Ignorance is Not a Defense Using Cloud Software Securely, 0917 SCBJ, SC Lawyer, September 2017, #24

AuthorGerald Auger and Aaron Heath, J.

Ignorance is Not a Defense Using Cloud Software Securely

Vol. 29 Issue 2 Pg. 24

South Carolina BAR Journal

September, 2017

Gerald Auger and Aaron Heath, J.

For years, there has been a steady increase in the integration of technology to support the modern law firm. Cloud software solutions, in particular, have seen increases in adoption due to their cost effectiveness, features, ease of use and low maintenance. In fact, law firms likely stand to improve data security when moving to the cloud.[1] However, firms have significant information security considerations that should be considered when using these solutions. Without awareness and ability to mitigate effectively, firms may be exposing themselves to unnecessary and unacceptable risks including reputational, financial, intellectual property and legal, among others. None of these risks garners more attention than the risk of compromising client trust.[2]

Protecting attorney-client communications is foundational to the legal profession. In Upjohn Co. v. United States, the Supreme Court made a point of affirming the principle that "[Legal] assistance can only be safely and readily availed of when free from the consequences or the apprehension of disclosure."[3] Effective legal assistance depends upon maintaining the confidence of communications between attorneys and their clients; if clients become reluctant to engage in full and frank communications out of fear that they may be disclosed to the public or the opposing party, the "professional mission" cannot be carried out.[4]

The obligation to protect the confidentiality of client information is codified in Rule 1.6 of the South Carolina Rules of Professional Responsibility (SCRPR). Comments 19 and 20, in particular, discuss attorneys' obligation to implement reasonable and appropriate safeguards to prevent the unauthorized disclosure of sensitive client information. In addition, storing client data with a third party triggers SCRPR Rule 5.3, which requires attorneys to adequately supervise non-lawyer assistants, including a third party cloud vendor who is acting as a data custodian. Finally, many states' rules also include a requirement that bar members maintain technological competence, and courts are beginning to hear cases regarding the failure of attorneys to secure privileged information in the use of cloud services.[5] The decision by a firm to employ cloud software means that highly sensitive information will be placed in the hands of a third party. Consequently, a firm should carefully consider which cloud vendors it chooses and diligently educate itself on secure use of the solution to ensure that client and firm interests are adequately protected. While cloud software and services come in a few different categories, this article focuses on Software-as-a-Service (SaaS), also known as "cloud software." The ABA provides a fairly simple answer to the question, "What is SaaS?": SaaS is a subscription-based model where software and services are accessed via the internet, generally using a web browser (such as Chrome, Safari or Internet Explorer), rather than installed directly onto a user's computer.[6] In even simpler terms—your data, stored on someone else's computer, accessed via the internet. The most appealing aspects of employing cloud software are: •reasonable fees in exchange for up-to-date, feature-rich software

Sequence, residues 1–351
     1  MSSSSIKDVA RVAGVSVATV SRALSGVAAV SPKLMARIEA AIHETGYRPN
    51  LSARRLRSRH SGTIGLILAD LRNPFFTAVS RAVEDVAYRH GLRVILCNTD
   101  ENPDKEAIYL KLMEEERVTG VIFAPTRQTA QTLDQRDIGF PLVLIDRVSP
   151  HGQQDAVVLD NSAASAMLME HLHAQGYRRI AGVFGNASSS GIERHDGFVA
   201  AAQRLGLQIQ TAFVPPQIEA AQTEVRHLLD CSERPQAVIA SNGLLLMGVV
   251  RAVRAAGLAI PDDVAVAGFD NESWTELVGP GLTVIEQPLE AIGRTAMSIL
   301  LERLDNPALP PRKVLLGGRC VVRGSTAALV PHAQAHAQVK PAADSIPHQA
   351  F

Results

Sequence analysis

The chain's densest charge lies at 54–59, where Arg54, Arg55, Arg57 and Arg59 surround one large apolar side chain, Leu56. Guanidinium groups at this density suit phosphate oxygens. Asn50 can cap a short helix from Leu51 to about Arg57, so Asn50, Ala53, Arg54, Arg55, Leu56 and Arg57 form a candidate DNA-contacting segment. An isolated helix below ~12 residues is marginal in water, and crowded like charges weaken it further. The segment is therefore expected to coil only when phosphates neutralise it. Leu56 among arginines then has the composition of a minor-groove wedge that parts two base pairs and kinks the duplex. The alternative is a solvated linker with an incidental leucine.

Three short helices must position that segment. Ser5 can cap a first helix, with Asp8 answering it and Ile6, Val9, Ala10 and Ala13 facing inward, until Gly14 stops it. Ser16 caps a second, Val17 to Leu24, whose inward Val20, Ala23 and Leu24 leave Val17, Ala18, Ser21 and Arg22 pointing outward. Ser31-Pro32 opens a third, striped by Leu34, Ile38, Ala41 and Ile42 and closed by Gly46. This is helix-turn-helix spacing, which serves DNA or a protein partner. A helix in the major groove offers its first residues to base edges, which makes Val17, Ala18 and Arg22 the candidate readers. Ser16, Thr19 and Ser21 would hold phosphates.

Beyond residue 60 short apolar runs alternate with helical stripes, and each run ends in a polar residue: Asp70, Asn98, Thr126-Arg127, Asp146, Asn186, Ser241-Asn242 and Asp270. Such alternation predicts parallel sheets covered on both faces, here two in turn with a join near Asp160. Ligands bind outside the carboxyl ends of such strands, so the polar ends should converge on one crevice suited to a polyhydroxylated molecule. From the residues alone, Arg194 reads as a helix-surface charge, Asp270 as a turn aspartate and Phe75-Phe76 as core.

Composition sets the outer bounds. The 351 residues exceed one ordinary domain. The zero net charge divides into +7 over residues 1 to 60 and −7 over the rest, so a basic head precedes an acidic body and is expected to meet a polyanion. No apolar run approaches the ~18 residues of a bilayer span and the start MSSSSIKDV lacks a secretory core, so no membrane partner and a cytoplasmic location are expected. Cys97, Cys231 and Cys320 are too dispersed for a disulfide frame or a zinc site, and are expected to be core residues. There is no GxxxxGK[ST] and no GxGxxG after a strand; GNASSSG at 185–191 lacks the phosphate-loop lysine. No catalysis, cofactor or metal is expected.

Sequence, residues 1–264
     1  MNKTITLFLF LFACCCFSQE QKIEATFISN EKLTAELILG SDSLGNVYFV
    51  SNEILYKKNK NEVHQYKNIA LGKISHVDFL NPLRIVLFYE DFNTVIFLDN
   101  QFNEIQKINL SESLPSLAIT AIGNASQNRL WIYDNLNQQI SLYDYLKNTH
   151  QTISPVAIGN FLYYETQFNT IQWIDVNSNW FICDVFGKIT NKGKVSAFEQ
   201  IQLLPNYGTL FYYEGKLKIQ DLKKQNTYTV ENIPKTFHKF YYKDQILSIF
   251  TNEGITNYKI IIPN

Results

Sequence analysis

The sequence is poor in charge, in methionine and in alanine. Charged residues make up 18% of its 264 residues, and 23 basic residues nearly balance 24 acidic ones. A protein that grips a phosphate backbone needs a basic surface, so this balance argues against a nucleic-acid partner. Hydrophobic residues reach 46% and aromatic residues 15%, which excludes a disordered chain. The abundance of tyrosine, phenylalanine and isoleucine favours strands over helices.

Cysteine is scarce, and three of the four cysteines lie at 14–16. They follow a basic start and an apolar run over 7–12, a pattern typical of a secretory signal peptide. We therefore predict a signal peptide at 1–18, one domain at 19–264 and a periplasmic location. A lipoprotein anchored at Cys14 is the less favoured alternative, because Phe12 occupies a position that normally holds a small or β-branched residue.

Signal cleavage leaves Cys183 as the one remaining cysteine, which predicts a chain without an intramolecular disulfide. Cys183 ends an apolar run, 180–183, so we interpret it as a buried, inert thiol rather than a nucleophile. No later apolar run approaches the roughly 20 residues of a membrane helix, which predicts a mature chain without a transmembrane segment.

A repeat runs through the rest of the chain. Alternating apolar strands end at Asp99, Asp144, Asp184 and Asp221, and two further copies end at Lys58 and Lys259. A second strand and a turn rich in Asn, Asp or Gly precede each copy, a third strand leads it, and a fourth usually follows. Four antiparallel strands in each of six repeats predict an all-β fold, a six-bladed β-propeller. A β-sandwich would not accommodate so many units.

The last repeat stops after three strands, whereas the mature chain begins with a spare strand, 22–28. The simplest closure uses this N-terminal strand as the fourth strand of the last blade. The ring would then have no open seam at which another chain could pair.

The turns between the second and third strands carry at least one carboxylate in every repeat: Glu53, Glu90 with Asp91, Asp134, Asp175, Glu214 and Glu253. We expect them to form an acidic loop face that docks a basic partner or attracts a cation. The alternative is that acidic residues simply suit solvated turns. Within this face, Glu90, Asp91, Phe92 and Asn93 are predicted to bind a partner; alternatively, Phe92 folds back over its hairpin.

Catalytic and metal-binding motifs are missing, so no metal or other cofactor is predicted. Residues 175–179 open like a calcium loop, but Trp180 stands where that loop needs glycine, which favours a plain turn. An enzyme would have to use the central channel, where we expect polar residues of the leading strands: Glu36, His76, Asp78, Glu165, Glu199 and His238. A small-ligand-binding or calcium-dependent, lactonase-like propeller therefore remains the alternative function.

• easy, flexible access

• data security

• system reliability Cloud software solutions range from iCloud, Dropbox and Google Docs for storage; Gmail, AOL and Office 365 for email; to Clio, Rocket Matter and MyCase, which are case management and billing products tailored to law firms.

Cloud software solutions offer a great deal of value, but they also introduce often-overlooked risks to law practices. While the vendor's security controls may be very good, firms must keep in mind that data security is ultimately their responsibility, especially with regard to securely using and configuring the solution. For example, Dropbox encrypts all files when they are retrieved over the internet and stored on their servers, but if an associate sets an entire client folder to be "public" (i.e., accessible by anyone), Dropbox's security controls would provide no protection against unauthorized access to the folder.[7] While information security risks cannot be fully avoided, there are several high value measures that can be taken by any law firm to lower the risks and evidence due diligence in its...

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